New Vistas for the Treatment of Obesity: Turning the Tide Against the Leading Cause of Morbidity and Cardiovascular Mortality in the Developed World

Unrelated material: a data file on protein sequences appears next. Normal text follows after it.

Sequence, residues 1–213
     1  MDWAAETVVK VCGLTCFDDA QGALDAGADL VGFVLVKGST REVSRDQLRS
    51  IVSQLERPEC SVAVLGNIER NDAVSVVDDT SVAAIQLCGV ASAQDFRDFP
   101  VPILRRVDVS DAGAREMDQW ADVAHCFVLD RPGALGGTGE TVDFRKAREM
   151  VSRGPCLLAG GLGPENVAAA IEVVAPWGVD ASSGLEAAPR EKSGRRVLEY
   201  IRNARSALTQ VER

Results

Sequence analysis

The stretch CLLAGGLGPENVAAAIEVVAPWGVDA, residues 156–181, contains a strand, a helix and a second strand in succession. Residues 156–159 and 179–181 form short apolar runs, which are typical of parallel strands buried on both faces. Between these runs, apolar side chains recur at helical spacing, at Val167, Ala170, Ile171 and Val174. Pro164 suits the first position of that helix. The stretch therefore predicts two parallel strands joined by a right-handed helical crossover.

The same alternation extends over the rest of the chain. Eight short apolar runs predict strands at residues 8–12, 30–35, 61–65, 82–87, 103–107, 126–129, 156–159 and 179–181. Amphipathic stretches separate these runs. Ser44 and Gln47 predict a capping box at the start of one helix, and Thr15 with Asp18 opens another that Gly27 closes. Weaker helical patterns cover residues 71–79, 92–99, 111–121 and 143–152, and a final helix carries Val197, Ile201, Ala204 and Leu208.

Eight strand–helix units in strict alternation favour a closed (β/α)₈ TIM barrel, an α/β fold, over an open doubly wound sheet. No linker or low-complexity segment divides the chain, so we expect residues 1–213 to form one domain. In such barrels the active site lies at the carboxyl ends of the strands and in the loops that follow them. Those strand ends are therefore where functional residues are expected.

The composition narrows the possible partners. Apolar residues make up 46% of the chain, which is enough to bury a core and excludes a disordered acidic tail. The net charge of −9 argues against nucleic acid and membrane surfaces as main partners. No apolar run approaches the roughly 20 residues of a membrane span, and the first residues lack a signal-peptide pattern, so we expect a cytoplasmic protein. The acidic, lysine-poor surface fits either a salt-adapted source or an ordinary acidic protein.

ABSTRACT Excess adiposity and obesity are the root cause of at least 27 diseases that cause considerable lifelong morbidity and, in many scenarios, eventual cardiovascular mortality. The human body has the ability to increase the number and size of its adipocytes by approximately 10-fold over the course of a lifetime. As fat mass increases, its blood supply, supporting cells, tissue structure, and local and systemic hormonal control also increase. This results in excess adiposity, leading to progressive obesity and the resistance to weight-loss attempts. There have been numerous trials of food diets combined with exercise that, in general, have a 50% dropout rate at 1 year and lead to very modest (∼ 5%) reductions in body weight. Thus, many with obesity require interventions beyond casual diet and exercise advice. Meal replacement diets and bariatric surgery offer considerably greater degrees of weight loss, but both can be plagued by weight regain. Because the ability to control food urges has been shown to be a key psychological factor for success, medicinal approaches that work in this domain are attractive adjuncts to diet, exercise, and weight-loss surgery. This article reviews the emerging role of medical therapy in the treatment of excess adiposity with the goal of reducing comorbidities and possibly improving cardiovascular survival.